[1] Daniel Z. Lieberman and Michael E. Long, The Molecule of More (Dallas: BenBella Books, Inc. 2018), 3.


[2] Ibid., xvi.


[3] Edwin Friedman, A Failure of Nerve (New York: Church Publishing, 2017), 2.

[4] Lieberman and Long, The Molecule of More 79.


[5] Ibid., 218.


[6] Ibid., 223.

About the Author


Roy Gruber

Husband, father, pastor, student, and sojourner in Babylon

8 responses to “Here and Now Versus There and Then”

  1. mm Troy Rappold says:

    Roy: Great example of your marathon running and dopamine effects you have experienced. It can be addictive. There is a harmony to be struck in both running and ministry and it sounds like you have found the balance. It takes a lifetime of learning and a lot of reading. You evaluate this book well, I enjoyed it, too. It would have been interesting if the authors brought in the aspect of faith and how it can influence chemical levels in people. If the author’s wrote another book, do you think this would be an interesting line of research?

    • mm Roy Gruber says:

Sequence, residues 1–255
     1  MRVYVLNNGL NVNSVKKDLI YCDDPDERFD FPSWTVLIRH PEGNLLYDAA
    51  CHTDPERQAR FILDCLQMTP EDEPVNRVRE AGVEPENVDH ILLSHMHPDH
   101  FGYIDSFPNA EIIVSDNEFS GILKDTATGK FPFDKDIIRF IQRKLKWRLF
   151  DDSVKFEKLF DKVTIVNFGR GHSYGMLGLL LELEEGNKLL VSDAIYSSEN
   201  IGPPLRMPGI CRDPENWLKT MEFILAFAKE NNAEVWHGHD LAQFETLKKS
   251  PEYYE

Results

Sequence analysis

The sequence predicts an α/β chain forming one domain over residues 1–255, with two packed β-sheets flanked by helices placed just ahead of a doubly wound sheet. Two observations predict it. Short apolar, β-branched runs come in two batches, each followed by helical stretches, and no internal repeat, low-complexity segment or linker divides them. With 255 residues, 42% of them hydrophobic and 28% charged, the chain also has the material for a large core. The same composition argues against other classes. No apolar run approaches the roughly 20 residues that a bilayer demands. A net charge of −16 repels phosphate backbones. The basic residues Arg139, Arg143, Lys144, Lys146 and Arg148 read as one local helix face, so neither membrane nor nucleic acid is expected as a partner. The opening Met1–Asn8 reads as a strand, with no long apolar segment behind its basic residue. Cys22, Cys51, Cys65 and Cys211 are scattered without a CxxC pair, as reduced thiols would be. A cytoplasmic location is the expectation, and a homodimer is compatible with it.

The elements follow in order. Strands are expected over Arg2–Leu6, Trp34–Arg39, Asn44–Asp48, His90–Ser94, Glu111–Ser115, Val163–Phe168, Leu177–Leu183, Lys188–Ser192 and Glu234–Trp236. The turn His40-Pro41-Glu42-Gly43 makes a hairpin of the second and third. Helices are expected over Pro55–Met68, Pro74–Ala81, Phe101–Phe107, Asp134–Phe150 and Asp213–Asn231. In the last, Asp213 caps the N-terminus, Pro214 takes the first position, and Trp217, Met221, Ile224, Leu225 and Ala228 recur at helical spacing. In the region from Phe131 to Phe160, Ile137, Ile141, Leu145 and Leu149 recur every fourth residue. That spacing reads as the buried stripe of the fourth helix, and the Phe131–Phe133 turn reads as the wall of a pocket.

Troy, I do think that would be a good study! This book didn’t examine the affect of environment on dopamine. Henry made a great point in his post wondering what the dopamine levels are within the poor. Does a limit of possibility change the level of the chemical? My pure guess is “yes, it does.” Testing those with faith and those without would be another interesting look at the impact of a person’s context upon their chemical makeup.

  2. mm Eric Basye says:

    Love it. We are alike! Here is my struggle. I hear that call for balance, but I also wonder, if we are being true to who God has called us to be, especially those with a higher level of dopamine, could it be that we our role within the organizations we lead is to challenge, push, and grow? This creates tension for me, though, as I know my staff and Board has limitations, So what do I do when I am at the crossroads (I want to create but they need to stop and grow deeper roots)? How have you done this in your role?

    • mm Roy Gruber says:

      Eric, you make a great point about balance – can someone essential change who they are and how God “wired” them? Maybe to some degree. My work toward balance came through hiring to my weaknesses. Those on our church’s management team create the balance I need. At home, my wife does the same. For me, the answer is trusting good people to keep me grounded.

  3. mm Nicole Richardson says: